It is a phenomenon not exclusive to multifamily properties catering to the young and upwardly mobile, and many such properties are located in areas that lack the kind of industry that would support sudden and dramatic increases in the cost of living. Such investment practices also target seniors and those residing in mobile home parks – populations more likely to be living on fixed incomes.
Judy Bruns, who has resided at the Eugene Hotel retirement community in Eugene for five years, is one such resident.
“When I first moved here, the rent increase was 3%, and that was ongoing every year, and it was written in the material you were given when you moved in,” Bruns said.
After the recent sale of the Eugene Hotel, she saw those yearly increases jump to 14.6%.
“My rent went up $220,” she said. “I understand there are some people here who got rent increases in the $400 range.
"From my social security, with the rent and my personal bills, I have $2 left.”
Robbin McCain lives in a mobile home park in Brookings and shares Bruns’ concerns.
“The home I own, but I pay rent on the land the home sits on,” McCain said. “I’m president of the park’s tenants association that we had to start three years ago because we were bought by a large corporation from Washington.”
She and other tenants are contending with a 14.6% rent increase due to go into effect next month.
“(The community is) 55 or over, income is fixed, and many of us in this park, with the fixed income, just can’t stretch it any farther,” McMain said. “For those of us who can stretch it this year, and afford it for this year because of the rise in social security, we will not be able to next year.”
Israel warned of the impact of unregulated rent: “This crisis affects all of us – families with children that will have to rent a single room just to have a roof over their head. Married couples who will lose their home and have to move in with family. Seniors who will be forced to live on the streets. Small businesses are also going to be affected because they won’t be able to hire local workers due to the high cost of living, which is going to require wages higher than they can afford to pay.”
McCarty said the previous bill neglected to take into account what she called “predatory rent increases.”
Put simply, tenants live in fear of exorbitant rent increases driven by hedge fund returns and out of step with actual wage increases or reasonable market rates. Since the 2008 recession, Wall Street speculators have bought up foreclosed residential properties at unprecedented rates, effectively positioning hedge funds as landlords. But because hedge funds have relatively short “lifespans” – often less than 10 years – investors expect quick and maximized profit, putting them at cross-purposes with affordable and even safe housing: Studies show these private equity landlords offer fewer services and delayed maintenance, while being more ruthless in raising rents, levying fines and evicting tenants.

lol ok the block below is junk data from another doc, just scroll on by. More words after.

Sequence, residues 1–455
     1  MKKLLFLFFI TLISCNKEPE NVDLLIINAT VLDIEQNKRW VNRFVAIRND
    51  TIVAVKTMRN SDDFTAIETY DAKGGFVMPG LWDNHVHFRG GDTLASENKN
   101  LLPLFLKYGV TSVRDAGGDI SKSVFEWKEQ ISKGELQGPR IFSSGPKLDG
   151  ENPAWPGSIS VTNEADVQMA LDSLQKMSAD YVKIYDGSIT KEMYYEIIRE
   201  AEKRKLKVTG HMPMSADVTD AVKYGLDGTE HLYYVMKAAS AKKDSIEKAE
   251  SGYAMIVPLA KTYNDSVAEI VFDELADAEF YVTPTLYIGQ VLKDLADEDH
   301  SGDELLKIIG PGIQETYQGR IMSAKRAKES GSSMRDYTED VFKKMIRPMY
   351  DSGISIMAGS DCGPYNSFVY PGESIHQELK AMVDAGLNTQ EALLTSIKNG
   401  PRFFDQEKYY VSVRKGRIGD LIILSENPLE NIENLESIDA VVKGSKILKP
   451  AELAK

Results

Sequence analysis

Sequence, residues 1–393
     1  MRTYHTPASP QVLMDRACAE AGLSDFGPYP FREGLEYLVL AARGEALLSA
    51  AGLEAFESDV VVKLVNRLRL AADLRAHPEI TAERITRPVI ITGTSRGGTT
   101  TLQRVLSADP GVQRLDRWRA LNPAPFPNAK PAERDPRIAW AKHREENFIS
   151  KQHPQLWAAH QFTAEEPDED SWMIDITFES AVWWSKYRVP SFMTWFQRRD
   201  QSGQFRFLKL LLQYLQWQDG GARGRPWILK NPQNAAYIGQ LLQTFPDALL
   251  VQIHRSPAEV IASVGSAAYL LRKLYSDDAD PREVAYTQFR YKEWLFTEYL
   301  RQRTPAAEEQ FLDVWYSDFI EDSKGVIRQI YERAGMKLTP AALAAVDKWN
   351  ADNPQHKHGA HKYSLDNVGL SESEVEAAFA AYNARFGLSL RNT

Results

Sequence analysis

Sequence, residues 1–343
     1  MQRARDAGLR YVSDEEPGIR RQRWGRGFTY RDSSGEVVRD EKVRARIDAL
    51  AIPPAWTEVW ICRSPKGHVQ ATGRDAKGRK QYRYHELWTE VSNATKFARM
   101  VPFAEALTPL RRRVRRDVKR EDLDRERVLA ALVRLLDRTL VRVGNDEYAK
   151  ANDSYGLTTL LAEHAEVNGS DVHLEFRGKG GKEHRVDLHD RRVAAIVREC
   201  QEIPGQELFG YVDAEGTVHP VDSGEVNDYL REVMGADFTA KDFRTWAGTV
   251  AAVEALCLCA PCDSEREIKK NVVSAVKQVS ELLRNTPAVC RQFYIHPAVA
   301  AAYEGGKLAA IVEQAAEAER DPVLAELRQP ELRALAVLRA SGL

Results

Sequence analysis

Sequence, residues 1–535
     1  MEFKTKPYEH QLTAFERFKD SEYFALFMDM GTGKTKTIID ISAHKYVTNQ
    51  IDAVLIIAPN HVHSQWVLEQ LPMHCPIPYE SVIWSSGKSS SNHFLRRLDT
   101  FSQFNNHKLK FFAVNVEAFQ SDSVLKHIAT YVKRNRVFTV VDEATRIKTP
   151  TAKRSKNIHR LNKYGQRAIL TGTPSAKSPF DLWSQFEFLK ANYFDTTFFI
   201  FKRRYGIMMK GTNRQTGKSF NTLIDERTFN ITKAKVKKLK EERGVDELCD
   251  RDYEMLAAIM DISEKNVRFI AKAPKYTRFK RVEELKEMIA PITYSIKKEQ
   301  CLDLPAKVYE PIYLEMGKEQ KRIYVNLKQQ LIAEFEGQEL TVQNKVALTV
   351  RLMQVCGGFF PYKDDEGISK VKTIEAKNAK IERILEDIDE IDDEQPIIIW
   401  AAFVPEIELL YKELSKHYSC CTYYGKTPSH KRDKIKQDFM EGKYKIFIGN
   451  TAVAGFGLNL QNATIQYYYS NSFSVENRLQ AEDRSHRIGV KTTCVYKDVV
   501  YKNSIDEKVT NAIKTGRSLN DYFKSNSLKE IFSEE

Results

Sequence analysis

The U.S. House Financial Services Committee reported findings that hedge fund investors tend to buy homes in predominantly Black neighborhoods, where a higher-than-average number of households were headed by single mothers.
U.S. Sen. Jeff Merkley introduced the End Hedge Fund Control of American Homes Act late last year to curb the practice by imposing federal tax penalties for large-volume home owners, like those that own Israel’s complex, Bruns’ retirement community and the park where McMain lives.
Stable Homes for Oregon Families emphasizes that the benefits of SB 611 would extend beyond vulnerable, and increasingly vulnerable, renters.
“SB 611 also is important to protect the taxpayer dollar,” McCarty said. “We strongly support increases in rent assistance funding this year, but we must ensure that taxpayers aren’t on the hook for rent-gouging by landlords. It’s also important to note that this is a rent-stabilization policy for current tenants.”
She added, “We praise the Oregon legislature and Gov. Kotek for taking quick action on the affordable housing and emergency response package. The urgency they are bringing to the issue is essential. And at the same time, as we build more housing, we must also ensure that when people are housed, extreme rent increases don’t create a revolving door of homelessness.”